The U.S. stock markets have been the envy of the world this year.
Within the those markets, small-cap stocks have been outperforming large-cap stocks.
“Client conversations this week focused on the drivers and sustainability of recent small cap performance,” said Goldman Sachs David Kostin.
“The recently-reconstituted Russell 2000 has outperformed the S&P 500 by 580 bp in the last two months (12.1% vs. 6.4%) as both rose to new all-time closing highs. The Russell 2000 has returned 22% YTD vs. 19% for the S&P 500. The rally began at the same time we published our in-depth report on small caps.”
Small-cap stocks tend to do better than the S&P 500 during good times and worse during bad times.
Current global economic conditions have also been favourable for the risk exposures offered by that corner of the market. From Kostin:
Small caps’ leverage to US economic growth explains our EPS growth forecasts and much of their recent performance. Roughly 80% of Russell 2000 sales are derived domestically, compared with 66% for the S&P 500, which is more exposed to foreign economic growth and FX. Our economists expect that US GDP growth will accelerate from about 1.5% now to over 3% in 2014-2016. The high exposure to domestic growth also insulates small caps from recent investor concerns about the impact of a strong dollar and uncertain EM growth on US corporate earnings.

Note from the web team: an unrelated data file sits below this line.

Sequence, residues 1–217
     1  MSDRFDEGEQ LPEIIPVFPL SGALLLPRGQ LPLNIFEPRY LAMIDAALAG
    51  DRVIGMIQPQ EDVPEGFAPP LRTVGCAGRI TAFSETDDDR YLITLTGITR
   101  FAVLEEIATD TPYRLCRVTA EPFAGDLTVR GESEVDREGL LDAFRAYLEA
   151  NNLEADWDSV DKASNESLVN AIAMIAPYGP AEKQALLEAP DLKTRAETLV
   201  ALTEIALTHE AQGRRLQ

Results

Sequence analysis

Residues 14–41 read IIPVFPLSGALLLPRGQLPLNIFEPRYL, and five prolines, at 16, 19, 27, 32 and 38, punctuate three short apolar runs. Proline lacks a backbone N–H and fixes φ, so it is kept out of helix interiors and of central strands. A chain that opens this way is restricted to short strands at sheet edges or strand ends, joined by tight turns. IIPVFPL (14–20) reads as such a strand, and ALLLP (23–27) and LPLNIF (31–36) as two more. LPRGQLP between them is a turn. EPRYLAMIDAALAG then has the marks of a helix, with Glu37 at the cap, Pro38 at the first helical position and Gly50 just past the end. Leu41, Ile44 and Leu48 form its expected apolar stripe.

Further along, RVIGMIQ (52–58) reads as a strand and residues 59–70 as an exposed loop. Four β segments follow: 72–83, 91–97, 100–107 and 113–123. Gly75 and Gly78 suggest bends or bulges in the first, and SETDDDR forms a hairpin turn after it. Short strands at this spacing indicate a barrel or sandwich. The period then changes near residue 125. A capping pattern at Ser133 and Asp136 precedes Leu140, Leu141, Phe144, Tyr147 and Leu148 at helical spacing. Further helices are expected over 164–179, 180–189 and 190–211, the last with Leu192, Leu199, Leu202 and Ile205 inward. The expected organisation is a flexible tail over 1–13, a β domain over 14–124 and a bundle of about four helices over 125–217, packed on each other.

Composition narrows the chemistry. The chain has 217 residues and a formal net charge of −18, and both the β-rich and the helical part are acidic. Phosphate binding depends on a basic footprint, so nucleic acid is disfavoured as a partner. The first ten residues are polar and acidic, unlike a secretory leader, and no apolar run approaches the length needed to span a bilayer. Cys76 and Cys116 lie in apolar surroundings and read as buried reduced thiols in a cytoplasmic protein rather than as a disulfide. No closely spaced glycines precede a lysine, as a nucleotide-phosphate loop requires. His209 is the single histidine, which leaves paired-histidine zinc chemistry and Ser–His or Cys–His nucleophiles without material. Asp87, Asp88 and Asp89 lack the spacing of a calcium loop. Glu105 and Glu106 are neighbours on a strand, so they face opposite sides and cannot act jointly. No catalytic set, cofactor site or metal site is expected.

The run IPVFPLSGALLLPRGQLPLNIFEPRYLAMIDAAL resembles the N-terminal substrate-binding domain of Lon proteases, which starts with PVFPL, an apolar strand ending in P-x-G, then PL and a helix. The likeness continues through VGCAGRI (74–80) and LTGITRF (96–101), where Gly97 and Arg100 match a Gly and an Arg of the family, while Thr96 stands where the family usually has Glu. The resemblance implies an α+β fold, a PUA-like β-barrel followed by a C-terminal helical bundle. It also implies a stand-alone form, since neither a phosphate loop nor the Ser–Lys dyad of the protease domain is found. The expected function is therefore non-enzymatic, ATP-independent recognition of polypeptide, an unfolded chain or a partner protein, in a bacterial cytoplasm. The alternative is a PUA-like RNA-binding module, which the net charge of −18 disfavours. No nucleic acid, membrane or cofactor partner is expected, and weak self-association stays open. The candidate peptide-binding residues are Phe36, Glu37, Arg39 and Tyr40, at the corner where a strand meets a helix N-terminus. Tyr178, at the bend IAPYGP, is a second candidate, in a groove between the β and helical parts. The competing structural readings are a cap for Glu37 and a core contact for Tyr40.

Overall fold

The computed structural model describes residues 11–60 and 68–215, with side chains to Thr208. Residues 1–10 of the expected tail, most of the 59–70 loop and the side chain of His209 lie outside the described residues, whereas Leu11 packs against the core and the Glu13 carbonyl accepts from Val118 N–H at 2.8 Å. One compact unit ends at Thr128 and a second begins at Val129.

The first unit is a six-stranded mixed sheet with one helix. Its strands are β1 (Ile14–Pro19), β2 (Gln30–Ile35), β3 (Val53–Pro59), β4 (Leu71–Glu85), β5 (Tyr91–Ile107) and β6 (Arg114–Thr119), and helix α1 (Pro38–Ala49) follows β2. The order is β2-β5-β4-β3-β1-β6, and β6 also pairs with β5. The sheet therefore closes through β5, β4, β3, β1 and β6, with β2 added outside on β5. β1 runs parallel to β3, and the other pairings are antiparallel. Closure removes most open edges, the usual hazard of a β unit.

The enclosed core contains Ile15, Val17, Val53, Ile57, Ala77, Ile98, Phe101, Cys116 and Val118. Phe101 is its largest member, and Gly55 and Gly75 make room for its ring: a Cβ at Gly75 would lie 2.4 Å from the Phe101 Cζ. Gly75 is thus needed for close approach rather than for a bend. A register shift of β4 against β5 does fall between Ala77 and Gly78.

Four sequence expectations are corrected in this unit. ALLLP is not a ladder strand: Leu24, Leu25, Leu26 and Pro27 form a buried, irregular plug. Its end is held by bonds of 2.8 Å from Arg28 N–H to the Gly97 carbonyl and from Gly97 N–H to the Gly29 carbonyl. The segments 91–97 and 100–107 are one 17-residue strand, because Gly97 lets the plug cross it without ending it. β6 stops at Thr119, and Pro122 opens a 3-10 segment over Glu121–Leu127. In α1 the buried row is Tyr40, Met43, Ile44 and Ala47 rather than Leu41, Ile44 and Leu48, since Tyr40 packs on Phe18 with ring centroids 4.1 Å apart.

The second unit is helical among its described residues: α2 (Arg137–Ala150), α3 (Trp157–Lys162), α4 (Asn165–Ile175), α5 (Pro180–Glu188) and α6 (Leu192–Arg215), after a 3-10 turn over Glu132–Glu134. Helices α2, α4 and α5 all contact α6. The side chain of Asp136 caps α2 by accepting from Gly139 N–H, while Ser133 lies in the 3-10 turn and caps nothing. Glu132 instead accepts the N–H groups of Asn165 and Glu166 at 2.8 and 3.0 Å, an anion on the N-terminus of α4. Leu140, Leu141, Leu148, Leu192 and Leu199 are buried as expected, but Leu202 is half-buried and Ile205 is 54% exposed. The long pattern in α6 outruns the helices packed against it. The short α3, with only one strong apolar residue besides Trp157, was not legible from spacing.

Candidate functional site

One thing that seems peculiar about Kostin’s commentary was that rising interest rates he says rising rates have acted as a tailwind.
This is strange because small-cap companies tend to employ more financial leverage than large-cap companies.
Rising rates have also provided a tailwind to Russell 2000 performance. Small cap cost of debt, and therefore margins and earnings, have a low sensitivity to moves in the Treasury yield. The concern that small caps could not take advantage of historically low interest rates was commonly cited by investors when we first published our small cap analysis, but the same insensitivity should support their performance as rates rise. See Exhibit 1.
It’ll be interesting to see if this relationship holds up.
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